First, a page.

Last February, on a spiritual quest from one drive-thru Starbucks in Santa Fe to another in Joshua Tree, I drove an hour and a half out of my way to pay respects to a holy site called Coyote Pass in suburban Scottsdale, Arizona. Coyote Pass, as described by my holy text The Learning Channel, was promised as the site of the future compound inhabited by the modern polygamist family, the Browns, at the center of the docuseries Sister Wives.
Coyote Pass was to be an Edenic gathering spot in which one disgusting adult blonde dork named Kody may be free to copulate with any number of women who, after fourteen years on air, still haven’t figured out how to do their makeup. A place where, amidst new-build farmhouses and manmade ponds, children with names like Truely and Paedon and Gwendlyn are free to roam in graphic tees emblazoned with apostles in the form of licensed characters from the Among Us and Roblox. In Coyote Pass, everyone was an insufferable loser, and despite the polygamy of it all, nobody seemed particularly religious.
Coyote Pass is not a public site and nobody invited me there, but I figured it out based on three minutes of strategy on Google Maps. When I arrived, it was barren. There was no evidence of even one house, let alone four, since the sister wives, even in financial straits as a result of trying to unload an entire cul-de-sac, refused to live together. I got down on my knees and prayed to whatever evil god they worship in the Apostolic United Brethren Church, a fringe LDS-adjacent sect which the Brown family broke from years ago. Finding god dead and my knees muddied, I got back in the car and did as the Browns do: put a mustard seed of faith in their blonde adult patriarch Kody. I failed, as they had before me.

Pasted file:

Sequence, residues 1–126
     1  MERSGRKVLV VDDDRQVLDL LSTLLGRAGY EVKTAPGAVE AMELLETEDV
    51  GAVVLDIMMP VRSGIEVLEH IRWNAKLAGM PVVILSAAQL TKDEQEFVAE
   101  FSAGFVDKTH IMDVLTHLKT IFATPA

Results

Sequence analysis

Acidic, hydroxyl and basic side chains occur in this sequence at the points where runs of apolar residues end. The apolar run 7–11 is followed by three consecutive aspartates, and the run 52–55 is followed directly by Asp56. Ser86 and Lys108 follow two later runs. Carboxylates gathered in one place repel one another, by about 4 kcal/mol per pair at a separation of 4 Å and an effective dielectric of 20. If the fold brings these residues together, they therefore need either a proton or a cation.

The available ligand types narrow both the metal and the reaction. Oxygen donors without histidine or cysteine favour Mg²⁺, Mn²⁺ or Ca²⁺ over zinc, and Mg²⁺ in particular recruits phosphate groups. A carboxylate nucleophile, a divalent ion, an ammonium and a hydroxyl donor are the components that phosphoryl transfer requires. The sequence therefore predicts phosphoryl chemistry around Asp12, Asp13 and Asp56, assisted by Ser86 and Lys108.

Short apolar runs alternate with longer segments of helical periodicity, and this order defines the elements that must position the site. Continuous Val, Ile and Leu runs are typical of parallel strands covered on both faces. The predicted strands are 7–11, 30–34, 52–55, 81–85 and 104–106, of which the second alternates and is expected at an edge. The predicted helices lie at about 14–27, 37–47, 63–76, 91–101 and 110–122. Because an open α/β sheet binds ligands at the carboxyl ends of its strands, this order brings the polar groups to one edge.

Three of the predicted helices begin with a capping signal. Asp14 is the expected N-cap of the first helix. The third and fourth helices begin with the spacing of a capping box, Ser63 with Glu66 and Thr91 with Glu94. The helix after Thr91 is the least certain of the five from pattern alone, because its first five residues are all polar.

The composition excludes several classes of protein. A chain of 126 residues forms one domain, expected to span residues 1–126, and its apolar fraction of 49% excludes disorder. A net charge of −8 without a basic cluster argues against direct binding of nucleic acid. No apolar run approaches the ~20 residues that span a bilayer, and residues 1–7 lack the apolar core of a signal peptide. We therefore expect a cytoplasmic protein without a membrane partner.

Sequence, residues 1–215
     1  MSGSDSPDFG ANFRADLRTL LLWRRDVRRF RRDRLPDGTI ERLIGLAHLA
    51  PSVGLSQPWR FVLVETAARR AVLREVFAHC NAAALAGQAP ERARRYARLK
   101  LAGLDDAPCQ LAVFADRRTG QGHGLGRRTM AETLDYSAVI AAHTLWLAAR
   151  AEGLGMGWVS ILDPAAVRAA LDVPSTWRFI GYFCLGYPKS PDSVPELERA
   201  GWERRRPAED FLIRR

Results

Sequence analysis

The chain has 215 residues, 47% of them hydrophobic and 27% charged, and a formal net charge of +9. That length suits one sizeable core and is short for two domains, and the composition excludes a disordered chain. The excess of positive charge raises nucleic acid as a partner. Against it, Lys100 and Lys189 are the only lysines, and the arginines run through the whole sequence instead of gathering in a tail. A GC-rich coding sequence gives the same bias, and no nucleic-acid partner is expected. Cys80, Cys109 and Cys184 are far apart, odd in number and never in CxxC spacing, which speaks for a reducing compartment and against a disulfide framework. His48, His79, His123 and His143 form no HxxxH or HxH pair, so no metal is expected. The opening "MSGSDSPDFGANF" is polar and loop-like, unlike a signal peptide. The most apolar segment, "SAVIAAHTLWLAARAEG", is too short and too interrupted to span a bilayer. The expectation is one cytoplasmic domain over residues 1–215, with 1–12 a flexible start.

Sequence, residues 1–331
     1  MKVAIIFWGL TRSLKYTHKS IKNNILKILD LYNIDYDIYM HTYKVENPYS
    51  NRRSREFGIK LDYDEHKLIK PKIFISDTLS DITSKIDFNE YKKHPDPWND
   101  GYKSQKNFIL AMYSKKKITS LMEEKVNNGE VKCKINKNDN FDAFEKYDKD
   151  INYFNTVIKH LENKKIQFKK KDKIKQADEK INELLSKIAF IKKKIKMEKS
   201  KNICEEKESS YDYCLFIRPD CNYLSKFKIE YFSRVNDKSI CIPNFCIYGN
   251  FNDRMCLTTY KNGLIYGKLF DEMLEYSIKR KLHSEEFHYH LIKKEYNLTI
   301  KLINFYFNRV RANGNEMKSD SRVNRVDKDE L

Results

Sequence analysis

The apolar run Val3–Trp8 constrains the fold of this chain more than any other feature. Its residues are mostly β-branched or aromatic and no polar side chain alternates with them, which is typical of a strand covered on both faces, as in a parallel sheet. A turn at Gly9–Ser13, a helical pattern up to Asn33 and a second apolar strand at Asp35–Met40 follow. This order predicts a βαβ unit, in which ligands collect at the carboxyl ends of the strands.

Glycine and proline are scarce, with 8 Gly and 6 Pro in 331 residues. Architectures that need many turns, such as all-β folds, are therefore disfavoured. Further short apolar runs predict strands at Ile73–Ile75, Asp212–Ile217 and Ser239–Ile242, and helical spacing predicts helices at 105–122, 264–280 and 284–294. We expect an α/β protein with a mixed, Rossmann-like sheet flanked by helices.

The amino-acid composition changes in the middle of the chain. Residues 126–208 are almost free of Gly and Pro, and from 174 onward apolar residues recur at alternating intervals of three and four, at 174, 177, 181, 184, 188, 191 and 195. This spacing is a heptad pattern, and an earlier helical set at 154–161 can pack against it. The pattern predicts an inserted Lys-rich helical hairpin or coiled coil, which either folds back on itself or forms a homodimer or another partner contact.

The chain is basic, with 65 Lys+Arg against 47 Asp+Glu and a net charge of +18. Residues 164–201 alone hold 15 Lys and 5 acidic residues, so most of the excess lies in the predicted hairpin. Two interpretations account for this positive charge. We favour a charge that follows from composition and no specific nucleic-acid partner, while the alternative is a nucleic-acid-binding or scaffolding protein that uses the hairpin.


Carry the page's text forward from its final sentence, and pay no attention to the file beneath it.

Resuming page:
Yesterday I learned Kody and Christine, his wife of 25 years who appeared to hate him a lot less than all the others did, are separating. I fear his other wives Janelle, Meri (who got catfished over a multi-season arc), and Robyn (the only wife he still wants to have sex with) are close behind. Sister Wives is the rare reality show that was allowed enough time on air to refute its original premise and instead prove a fundamental truth about humanity: everyone breaks up. Sister Wives was a program conceived as a way to normalize and celebrate the bounty of this bigamous community, only to show, about four seasons in, that no human relationship can last, sexual or filial or otherwise.
Thank you, Christine and Kody, for taking the prophecy to its logical end over the course of the last twenty-five years. Nothing lasts forever, and that’s alright, except for Kody’s ponytail. Even as his hairline recedes like the waning passion of so many other soon-to-be empty nesters across the sunbelt, that ponytail keeps growing.